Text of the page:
Instructables
loading
loading
Picture of Motion Activated Speed Suit
main5.jpg
main6.jpg
main2.jpg
main4.jpg


Most of the time EL wire is used as is, with manual on/off control. However, I wanted to control it with an Arduino, so it would react to results from a sensor. This motion-activated suit flashes when the wearer starts to walk and lights up completely when the wearer runs. Perfect for those late-night runs! (or dance parties - it lights up when the wearer moves, and this includes dancing)

The suit itself is a set of zip-up coveralls decorated with EL wire and controlled via an Arduino Micro. An accelerometer monitors the wearer’s motion and sends that data to the Arduino.

Materials:

 
Remove these adsRemove these ads by Signing Up

Step 1: Main circuit

Picture of Main circuit
wiringdiagram.png
IMG_3563.JPG
This circuit has two parts – the transistor that controls the EL Wire, and the accelerometer. Since I couldn't power the inverter directly from the Arduino (it requires 12VDC), I instead controlled the connection to power. The transistor essentially acts as a switch, connecting the inverter to ground when there is current in the base of the transistor (aka. the pin connected to the transistor is high).

The resistor limits the current going to the transistor to make sure it doesn’t get damaged.

The accelerometer is powered by the Arduino (it requires a steady 5VDC) and has its X and Y outputs connected to digital input pins.

Both the Arduino Micro and the inverter run off 12V, so the battery packs contain a total of 8 AA batteries and were wired in series.

Step 2: Soldering the Arduino socket

Picture of Soldering the Arduino socket
IMG_3569.JPG
IMG_3574.JPG
IMG_3580.JPG
I didn't have a socket with the exact number of pins for the Arduino micro, but one with a few extra rows works just as well. I started by soldering the four corners, to keep the socket from being crooked. Then I soldered down each row. Make sure to get a secure connection around each pin. 

Step 3: Soldering the accelerometer socket

Picture of Soldering the accelerometer socket
IMG_3585.JPG
IMG_3592.JPG
I did the same thing for the accelerometer socket (again, I only had an 8 pin socket for a 6 pin part but it works fine).

Step 4: Solder the transistor

Next, I soldered the transistor so the emitter would be near ground. Keep the pins separate when soldering, and clip the wires when you are done.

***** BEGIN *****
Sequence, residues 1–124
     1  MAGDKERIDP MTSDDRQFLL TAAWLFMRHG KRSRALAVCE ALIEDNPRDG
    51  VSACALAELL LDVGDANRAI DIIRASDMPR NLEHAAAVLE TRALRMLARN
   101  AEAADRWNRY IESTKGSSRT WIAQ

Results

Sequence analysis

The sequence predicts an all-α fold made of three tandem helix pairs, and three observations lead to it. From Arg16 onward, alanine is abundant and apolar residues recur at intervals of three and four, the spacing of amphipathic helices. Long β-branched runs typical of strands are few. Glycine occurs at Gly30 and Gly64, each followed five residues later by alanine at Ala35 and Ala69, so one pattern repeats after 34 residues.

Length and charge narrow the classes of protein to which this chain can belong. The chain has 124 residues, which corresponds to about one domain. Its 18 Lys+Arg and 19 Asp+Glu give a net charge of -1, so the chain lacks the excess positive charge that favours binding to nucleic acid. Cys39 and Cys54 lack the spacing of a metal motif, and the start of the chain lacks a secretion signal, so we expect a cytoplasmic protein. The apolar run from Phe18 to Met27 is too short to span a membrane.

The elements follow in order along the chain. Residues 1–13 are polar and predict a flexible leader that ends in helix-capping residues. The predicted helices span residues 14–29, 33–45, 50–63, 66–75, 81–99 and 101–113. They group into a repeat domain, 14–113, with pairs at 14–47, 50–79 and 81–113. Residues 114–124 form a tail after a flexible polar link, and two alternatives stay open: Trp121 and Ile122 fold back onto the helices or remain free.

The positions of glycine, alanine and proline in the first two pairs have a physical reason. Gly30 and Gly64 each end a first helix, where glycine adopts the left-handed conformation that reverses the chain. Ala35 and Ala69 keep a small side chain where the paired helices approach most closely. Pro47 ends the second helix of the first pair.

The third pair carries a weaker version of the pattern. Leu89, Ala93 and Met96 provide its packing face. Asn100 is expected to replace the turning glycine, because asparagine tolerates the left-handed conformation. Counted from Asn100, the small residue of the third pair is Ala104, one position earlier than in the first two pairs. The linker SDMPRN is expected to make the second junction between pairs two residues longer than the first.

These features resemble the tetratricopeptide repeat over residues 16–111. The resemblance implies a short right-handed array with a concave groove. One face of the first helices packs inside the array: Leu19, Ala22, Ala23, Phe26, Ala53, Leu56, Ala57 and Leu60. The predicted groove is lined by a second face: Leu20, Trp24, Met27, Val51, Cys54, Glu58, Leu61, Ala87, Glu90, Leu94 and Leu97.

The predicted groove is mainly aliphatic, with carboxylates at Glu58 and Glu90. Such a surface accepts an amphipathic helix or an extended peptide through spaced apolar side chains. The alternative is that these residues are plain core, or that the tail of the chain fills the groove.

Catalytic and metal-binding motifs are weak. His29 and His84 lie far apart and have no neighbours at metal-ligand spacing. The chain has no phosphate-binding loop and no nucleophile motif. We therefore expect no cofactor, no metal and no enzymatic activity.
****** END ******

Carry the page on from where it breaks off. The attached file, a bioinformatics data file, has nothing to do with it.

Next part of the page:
Step 5: Solder the resistor

I soldered the resistor next to the middle (base) pin of the transistor since it goes between the Arduino pin and the base.

Step 6: Solder the jumper wires

Finally, I soldered the jumper/connecting wires in place. I found it easiest to cut them to length before soldering (as opposed to soldering one end and then cutting it). I also folded over the stripped end to put it closer to the pin I was soldering it to (see pictures).

I continued to add jumper wires, and added "extension" wires for connecting to off-board components (the inverter and power).

Step 7: Soldering the power switch

Picture of Soldering the power switch
IMG_3312_edit.jpg
batterydiagram.jpg
Both the Arduino and the inverter need 12V for power. I used two 6V battery packs (4AA batteries per pack --> 1.5V per battery) soldered in series to achieve this. DO NOT SOLDER THE BATTERIES IN SERIES JUST YET. You want to do this later, when the batteries are in the pockets and the wires are properly routed. 

At this point, I soldered the on/off switch to power and hot glued it to the battery pack. (this would be much more difficult to do after the batteries are in the suit pockets) The wiper (middle pin) is connected to the 12V coming directly from the batteries and the other pin is the power for the circuit. The last pin I left open.

Step 8: Arduino code

Picture of Arduino code
The Arduino code reads in the values coming from the accelerometer, converts them to units of acceleration (in this case, g), and analyzes the values to see what the wearer is doing.